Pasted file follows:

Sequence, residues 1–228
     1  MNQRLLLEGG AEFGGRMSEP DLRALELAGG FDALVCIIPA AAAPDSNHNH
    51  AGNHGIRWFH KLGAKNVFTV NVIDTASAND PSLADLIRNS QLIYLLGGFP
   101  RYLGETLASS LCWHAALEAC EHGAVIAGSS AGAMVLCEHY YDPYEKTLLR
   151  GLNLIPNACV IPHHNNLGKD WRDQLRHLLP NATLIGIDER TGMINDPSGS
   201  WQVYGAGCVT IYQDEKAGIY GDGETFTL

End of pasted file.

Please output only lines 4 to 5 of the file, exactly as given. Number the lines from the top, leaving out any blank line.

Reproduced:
   101  RYLGETLASS LCWHAALEAC EHGAVIAGSS AGAMVLCEHY YDPYEKTLLR
   151  GLNLIPNACV IPHHNNLGKD WRDQLRHLLP NATLIGIDER TGMINDPSGS